Why Flint’s Toxic Water Forced the Mayor to Declare a State of Emergency

By Kenrya Rankin Dec 16, 2015

Typically, leaders call for a state of emergency for natural disasters. Hurricanes, earthquakes and floods get the all hands on deck treatment, which unlocks state and federal resources to tackle problems impacting citizens. But in Flint, Michigan, the current state emergency is much more personal.

“The city of Flint has experienced a manmade disaster,” Flint mayor Karen W. Weaver wrote in her declaration of a state of emergency for her city and surrounding Genesee county. That disaster: Water with so much lead that the number of children with elevated blood lead levels has doubled since 2013.

Before April 2014, Flint—whose population is 56.6 percent Black—drew its purified water from nearby Detroit. But after Detroit’s bankruptcy caused a spike in water prices, Flint’s water started coming from 40-year-old pipes that pull water from the Flint River—which researchers have proved is five times more corrosive than other bodies of water in the area.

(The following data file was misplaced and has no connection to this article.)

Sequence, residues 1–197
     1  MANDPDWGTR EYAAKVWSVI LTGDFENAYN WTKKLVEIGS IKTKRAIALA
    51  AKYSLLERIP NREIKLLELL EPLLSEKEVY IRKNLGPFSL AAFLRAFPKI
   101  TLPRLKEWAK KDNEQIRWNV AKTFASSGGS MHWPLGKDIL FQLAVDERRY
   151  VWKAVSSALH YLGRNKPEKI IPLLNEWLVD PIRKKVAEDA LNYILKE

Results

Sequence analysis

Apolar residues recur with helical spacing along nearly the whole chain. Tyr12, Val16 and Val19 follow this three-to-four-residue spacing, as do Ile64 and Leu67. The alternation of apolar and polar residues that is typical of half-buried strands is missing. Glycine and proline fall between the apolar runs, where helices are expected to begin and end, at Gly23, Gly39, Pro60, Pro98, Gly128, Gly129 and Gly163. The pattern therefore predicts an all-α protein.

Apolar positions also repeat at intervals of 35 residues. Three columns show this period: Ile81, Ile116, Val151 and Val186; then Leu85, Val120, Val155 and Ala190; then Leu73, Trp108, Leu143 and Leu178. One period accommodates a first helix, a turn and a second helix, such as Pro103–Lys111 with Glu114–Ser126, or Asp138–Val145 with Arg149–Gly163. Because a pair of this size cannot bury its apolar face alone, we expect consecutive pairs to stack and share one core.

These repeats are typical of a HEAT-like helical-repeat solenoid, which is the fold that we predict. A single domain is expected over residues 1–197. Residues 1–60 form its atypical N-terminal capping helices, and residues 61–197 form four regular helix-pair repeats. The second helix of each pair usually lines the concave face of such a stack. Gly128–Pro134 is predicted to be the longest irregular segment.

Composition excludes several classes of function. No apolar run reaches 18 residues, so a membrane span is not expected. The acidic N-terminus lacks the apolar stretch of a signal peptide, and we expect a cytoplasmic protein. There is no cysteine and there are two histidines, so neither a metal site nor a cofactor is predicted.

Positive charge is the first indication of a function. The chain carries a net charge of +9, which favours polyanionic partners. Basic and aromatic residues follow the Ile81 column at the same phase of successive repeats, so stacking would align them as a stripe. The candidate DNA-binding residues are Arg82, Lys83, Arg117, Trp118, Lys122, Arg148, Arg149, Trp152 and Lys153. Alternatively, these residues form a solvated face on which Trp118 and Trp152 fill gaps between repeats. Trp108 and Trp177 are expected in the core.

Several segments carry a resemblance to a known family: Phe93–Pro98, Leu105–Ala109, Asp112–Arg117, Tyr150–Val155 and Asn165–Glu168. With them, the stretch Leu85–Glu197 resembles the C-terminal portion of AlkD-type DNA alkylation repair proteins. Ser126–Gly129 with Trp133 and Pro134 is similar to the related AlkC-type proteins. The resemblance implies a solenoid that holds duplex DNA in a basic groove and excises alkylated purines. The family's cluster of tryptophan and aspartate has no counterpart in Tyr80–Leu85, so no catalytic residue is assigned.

And it’s impacting Flint’s children. A September study from the Hurley Medical Center found that of the 1,746 Flint children under the age of five who were tested, 4 percent had elevated blood lead levels (above 5 ug/dL), versus 2.1 percent before the water source was switched. In the nearby non-Flint children who were tested as a control group, just 1 percent had elevated levels. Even below 5 ug/dL, the National Institutes of Health says lead exposure causes decreased IQ and attention-related behavioral problems in children. In adults, it can cause decreased kidney function and underweight babies. Above that blood lead level, kids can suffer slow growth, delayed puberty, decreased hearing and pronounced cognitive delays. And the World Health Organization says those effects are irreversible.  

Weaver’s declaration of emergency comes a month after citizens filed a federal class action suit against the city, state, governor and other officials for swapping out their clean water for a “cheaper alternative that was known to be highly toxic.” On Monday (December 14), the mayor asked the city council to immediately address the declaration. She linked the lead to a projected increase in the need for special education and mental health services, and a jump in the number of children entering the juvenile justice and foster care systems.

Unfortunately, this is not an uncommon issue. The United Nations found that in the United States, people of color are disproportionately impacted by a lack of access to safe drinking water.

The full resolution appears in the tweet below.



(H/t ThinkProgress, MLive